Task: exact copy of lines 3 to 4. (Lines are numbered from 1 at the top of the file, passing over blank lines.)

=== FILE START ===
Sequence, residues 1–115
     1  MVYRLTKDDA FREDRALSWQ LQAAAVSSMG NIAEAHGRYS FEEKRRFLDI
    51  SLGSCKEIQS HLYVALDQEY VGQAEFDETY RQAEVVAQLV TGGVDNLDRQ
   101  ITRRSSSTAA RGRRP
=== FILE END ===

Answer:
    51  SLGSCKEIQS HLYVALDQEY VGQAEFDETY RQAEVVAQLV TGGVDNLDRQ
   101  ITRRSSSTAA RGRRP